On Monday the Standard & Poor’s 500-stock index traded above 2,000 for the first time, getting to just under 2,002 before retreating below the 2K mark in early afternoon. Should you cheer? Or panic?
Momentum traders should be excited about all this. The index has almost tripled from its low in March 2009. People have made a lot of money over the years by following the edict that “the trend is your friend.” Stocks had some pullbacks in 2011 and 2012, but since the start of 2013 they’ve been in a strong, steady uptrend. A rally like this could have a long way to go.
For contrarians, however, it must be time to sell. “The United States stock market looks very expensive right now,” Yale University economist and Nobel laureate Robert Shiller wrote in a widely read article for the New York Times on Aug. 16.
Among typical investors who are usually neither one nor the other, there’s a compelling case to ignore the zigs and zags of the market and simply sit tight. Brad DeLong, a University of California at Berkeley economist, produced the following charts, which show two very different perspectives on the stock market.
The first shows the Campbell-Shiller cyclically adjusted price-earnings ratio (CAPE), which measures how high companies’ stock prices are relative to the profits generated by the companies themselves. The sharp ups and downs seem to make a good case for bailing out when stock prices appear high:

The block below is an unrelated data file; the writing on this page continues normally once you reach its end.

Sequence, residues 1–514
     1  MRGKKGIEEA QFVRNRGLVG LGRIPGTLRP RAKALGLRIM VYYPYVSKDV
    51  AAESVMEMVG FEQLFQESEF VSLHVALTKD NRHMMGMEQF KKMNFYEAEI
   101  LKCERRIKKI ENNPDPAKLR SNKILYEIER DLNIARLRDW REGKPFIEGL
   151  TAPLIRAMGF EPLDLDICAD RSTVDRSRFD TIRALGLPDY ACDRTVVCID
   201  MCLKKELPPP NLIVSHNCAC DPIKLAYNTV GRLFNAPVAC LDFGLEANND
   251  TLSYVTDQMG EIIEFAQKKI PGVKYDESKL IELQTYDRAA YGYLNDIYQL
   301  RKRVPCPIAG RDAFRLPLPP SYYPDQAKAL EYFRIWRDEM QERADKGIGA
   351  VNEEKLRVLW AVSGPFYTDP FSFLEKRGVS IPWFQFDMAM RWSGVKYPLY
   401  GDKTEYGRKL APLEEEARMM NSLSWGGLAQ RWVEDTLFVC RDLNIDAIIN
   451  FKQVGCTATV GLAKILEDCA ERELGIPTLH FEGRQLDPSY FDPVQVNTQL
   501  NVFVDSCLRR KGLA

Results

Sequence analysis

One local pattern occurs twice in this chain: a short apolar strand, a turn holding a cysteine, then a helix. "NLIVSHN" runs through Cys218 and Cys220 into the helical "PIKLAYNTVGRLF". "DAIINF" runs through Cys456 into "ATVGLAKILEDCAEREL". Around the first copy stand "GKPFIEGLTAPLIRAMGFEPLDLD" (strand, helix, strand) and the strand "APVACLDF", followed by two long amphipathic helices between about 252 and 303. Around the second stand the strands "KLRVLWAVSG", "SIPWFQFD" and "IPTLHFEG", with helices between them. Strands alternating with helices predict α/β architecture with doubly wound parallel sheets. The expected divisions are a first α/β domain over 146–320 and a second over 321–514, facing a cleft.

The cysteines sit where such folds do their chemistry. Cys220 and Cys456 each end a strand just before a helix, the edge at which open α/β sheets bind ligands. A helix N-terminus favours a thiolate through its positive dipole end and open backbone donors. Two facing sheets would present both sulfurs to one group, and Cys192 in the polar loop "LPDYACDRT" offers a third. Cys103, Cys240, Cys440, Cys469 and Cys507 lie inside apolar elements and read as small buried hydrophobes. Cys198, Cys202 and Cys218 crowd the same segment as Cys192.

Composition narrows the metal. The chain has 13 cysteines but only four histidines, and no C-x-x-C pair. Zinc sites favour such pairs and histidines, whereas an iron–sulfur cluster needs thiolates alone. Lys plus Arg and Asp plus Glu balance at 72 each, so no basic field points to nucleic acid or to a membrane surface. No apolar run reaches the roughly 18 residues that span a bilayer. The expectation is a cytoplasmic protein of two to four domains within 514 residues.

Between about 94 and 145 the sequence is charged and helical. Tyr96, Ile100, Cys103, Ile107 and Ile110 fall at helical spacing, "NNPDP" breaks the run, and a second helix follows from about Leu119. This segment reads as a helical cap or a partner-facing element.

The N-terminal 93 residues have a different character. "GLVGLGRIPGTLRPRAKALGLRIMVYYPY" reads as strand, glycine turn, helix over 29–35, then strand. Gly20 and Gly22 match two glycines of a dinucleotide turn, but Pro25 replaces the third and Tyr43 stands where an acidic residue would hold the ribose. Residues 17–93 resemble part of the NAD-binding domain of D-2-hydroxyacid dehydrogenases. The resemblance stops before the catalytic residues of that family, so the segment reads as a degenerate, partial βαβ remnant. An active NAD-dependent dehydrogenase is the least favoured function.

But DeLong’s second chart, showing the cumulative return on stocks, makes the case for sitting tight. The vertical axis is on a ratio scale, so a steady percentage increase in stocks shows up as a straight line. Notice how even the stock market crash that helped kick off the Great Depression shows up as only a blip in the powerful rise of the market:
As Bloomberg reports, the flirtation of the S&P 500 with 2,000 points today has a host of short-term explanations. European Central Bank President Mario Draghi hinted at more monetary stimulus to boost growth, and there are signs of more corporate takeovers. That’s all good to know if you’re a close follower of the financial markets. But if you don’t need to draw on your savings anytime soon, SPX2K is no more significant than Y2K was 14 years ago.